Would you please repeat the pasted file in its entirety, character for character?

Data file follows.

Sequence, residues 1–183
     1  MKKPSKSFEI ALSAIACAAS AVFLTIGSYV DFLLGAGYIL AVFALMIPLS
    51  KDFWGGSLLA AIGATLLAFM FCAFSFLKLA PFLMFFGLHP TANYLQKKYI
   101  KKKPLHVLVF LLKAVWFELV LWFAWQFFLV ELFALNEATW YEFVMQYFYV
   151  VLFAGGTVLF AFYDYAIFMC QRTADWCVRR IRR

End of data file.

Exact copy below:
Sequence, residues 1–183
     1  MKKPSKSFEI ALSAIACAAS AVFLTIGSYV DFLLGAGYIL AVFALMIPLS
    51  KDFWGGSLLA AIGATLLAFM FCAFSFLKLA PFLMFFGLHP TANYLQKKYI
   101  KKKPLHVLVF LLKAVWFELV LWFAWQFFLV ELFALNEATW YEFVMQYFYV
   151  VLFAGGTVLF AFYDYAIFMC QRTADWCVRR IRR